Thursday, May 23, 2013
I stopped by Alewive’s Brook Farm in Cape Elizabeth the other day on the way home from an assignment to pick up a couple more jars of their delicious strawberry jam. (I’m addicted, and I buy it for friends and family too.)
I noticed a sign in front of the farm stand announcing that the Jordan family is holding a “barn raiser without the barn.” Post cards by the cash register inside provided more details.
It seems this well known local family, who has been farming in this area since the 1600s, across 13 generations, is using 21st-century methods to make improvements to their farm stand. They’ve launched a fundraising project on kickstarter.com to raise $60,000. The money will be used to rebuild the farm stand and expand it, adding more space for produce and lobsters, an office, and a kitchen where they’ll be able to cook their customers’ lobsters.
The project, which must be funded by its Kickstarter deadline of Oct. 6, so far has 26 backers who have donated $2,120. Backers receive a reward ranging from a simple-but-sincere thank you from the family (for a pledge of $1 or more) to all the vegetables your household can eat during the farm’s growing season for the next five years (for a pledge of $10,000 or more).
The Alewive’s farm stand, which opened in 1979, is currently located in one of two garages on the family’s property. The Jordans want to tear down both garages, pour a new foundation and add a drainage system for the lobster tank.
A new kitchen will allow them to create more value-added products like the popular strawberry jam, and to cook lobsters so their customers don’t have to mess with the mess at home. Cooking lobsters has become almost an essential part of selling lobsters to locals. Just a few years ago, a few places did it for a small extra charge. Now most places offer cooking, usually for free.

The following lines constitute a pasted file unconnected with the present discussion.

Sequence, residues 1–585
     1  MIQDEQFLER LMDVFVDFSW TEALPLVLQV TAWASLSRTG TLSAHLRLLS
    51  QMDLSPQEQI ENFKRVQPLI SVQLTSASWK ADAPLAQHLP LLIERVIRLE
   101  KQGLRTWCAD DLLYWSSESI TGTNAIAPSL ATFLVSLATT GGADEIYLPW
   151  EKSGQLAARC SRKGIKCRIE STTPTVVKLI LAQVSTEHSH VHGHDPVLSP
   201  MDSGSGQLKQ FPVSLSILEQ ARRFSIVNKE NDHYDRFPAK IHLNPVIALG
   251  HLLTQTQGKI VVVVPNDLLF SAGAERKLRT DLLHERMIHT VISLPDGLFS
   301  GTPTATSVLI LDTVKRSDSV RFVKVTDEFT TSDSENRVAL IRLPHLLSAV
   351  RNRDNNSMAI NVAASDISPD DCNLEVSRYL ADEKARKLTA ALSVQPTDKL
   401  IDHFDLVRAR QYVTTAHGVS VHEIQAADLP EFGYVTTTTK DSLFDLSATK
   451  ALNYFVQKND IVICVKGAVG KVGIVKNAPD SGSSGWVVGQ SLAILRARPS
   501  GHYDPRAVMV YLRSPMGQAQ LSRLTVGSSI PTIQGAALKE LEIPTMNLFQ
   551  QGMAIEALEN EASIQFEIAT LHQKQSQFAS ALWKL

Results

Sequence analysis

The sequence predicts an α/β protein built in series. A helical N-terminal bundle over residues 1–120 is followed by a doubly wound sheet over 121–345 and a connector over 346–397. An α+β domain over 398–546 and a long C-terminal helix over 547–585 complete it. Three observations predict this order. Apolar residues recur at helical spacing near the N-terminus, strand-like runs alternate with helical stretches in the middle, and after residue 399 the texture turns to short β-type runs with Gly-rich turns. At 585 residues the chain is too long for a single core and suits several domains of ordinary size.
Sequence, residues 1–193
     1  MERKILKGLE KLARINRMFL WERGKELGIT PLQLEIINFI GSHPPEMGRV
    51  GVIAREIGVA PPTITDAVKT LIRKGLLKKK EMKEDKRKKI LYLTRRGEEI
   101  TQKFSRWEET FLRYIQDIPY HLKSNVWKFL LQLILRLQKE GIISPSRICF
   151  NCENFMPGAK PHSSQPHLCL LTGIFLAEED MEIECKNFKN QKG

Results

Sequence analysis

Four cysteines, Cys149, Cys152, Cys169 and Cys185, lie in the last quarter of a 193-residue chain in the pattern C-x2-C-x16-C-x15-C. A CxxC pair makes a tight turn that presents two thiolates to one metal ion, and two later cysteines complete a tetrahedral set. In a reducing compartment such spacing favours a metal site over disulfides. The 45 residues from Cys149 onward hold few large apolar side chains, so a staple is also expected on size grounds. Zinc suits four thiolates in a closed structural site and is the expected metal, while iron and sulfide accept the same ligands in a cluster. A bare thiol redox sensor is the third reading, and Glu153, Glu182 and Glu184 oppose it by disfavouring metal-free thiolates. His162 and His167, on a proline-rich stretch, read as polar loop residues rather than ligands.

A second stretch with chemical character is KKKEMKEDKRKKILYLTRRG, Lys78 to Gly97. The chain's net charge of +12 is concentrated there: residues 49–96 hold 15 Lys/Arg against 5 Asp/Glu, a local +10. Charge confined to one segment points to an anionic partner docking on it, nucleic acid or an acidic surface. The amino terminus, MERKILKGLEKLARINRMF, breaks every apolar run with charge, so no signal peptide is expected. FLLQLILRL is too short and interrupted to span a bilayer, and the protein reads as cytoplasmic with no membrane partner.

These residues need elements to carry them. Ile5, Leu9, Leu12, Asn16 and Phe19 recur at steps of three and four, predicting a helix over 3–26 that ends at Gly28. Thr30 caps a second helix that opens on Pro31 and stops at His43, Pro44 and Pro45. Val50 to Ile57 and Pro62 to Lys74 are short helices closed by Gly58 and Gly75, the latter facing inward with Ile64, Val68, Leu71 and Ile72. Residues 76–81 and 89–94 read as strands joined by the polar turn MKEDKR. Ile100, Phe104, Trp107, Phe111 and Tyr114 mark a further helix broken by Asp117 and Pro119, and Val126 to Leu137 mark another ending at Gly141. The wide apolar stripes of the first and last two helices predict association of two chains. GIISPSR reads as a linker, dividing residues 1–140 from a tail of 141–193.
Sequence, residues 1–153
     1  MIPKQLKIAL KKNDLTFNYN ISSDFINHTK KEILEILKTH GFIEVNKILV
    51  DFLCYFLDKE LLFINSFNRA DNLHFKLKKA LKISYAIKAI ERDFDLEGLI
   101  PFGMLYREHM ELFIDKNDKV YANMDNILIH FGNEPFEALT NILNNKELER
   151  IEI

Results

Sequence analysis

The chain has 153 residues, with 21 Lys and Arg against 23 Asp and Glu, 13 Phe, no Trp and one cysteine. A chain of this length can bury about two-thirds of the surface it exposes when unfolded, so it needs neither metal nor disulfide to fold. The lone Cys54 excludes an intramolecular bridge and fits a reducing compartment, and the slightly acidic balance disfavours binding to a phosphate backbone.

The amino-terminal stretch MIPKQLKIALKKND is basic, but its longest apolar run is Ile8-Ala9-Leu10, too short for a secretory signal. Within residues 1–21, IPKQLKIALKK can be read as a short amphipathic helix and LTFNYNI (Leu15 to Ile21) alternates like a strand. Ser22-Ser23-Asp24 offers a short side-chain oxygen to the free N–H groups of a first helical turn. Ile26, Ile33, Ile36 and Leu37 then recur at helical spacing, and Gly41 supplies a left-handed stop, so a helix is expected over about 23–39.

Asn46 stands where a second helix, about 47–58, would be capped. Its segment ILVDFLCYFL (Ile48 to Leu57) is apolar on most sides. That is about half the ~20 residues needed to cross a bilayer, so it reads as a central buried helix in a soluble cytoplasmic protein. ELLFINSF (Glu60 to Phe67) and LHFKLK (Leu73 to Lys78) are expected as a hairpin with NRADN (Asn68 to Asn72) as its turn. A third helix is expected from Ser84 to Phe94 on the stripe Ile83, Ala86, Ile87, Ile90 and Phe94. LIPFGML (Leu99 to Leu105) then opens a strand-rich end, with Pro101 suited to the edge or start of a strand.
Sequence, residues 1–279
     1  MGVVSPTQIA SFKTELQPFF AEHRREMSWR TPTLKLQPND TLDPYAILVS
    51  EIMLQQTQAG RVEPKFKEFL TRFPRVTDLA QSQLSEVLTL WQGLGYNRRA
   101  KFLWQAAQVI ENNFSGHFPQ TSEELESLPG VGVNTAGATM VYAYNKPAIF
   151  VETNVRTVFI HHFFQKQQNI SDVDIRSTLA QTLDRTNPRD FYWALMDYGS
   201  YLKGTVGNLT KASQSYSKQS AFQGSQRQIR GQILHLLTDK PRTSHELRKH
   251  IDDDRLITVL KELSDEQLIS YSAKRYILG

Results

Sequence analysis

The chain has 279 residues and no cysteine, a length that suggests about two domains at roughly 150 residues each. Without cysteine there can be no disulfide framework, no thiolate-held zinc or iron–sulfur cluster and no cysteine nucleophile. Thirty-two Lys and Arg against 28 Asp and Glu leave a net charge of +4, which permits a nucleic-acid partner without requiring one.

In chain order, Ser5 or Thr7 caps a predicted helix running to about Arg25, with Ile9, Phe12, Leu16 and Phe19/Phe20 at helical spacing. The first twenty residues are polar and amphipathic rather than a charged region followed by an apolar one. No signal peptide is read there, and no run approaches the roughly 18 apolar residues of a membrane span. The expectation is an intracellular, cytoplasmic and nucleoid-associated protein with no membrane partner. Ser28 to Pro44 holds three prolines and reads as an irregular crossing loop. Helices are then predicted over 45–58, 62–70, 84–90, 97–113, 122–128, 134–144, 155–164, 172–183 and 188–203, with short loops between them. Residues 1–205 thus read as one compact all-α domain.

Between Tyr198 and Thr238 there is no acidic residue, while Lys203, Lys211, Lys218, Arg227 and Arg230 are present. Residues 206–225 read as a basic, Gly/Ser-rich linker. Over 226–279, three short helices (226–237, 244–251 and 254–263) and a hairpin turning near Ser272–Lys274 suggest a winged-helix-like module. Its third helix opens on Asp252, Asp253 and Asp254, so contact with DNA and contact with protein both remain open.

To read more about the farm’s project, go to their kickstarter page here.
Meredith Goad has harvested oysters on the Chesapeake Bay, eaten reindeer in Finland and sipped hot chai in the Himalayas. She writes the weekly Soup to Nuts column and enjoys a good cocktail.
Susan Axelrod's food writing career began in the kitchen; she owned a restaurant and catering business before turning to journalism more than a decade ago. To relax, she bakes, gardens and hikes with her husband and their two dogs. A newcomer to Portland, she is an online content producer for the Press Herald.
Susan can be contacted at 791-6310 or saxelrod [at] pressherald.com.
On Twitter: @susansaxelrod
Wendy Almeida and her family have a smattering of livestock and a summer garden. After 10 years of her kids being involved in 4-H, she's finally accepted the term "hobby farm" to describe her family's work at sustainable living. These days her morning starts with milking a goat before heading into the office for her day job as an assistant editor for features.
Wendy can be contacted at wea [at] mainetoday.com or on Twitter @wea1021.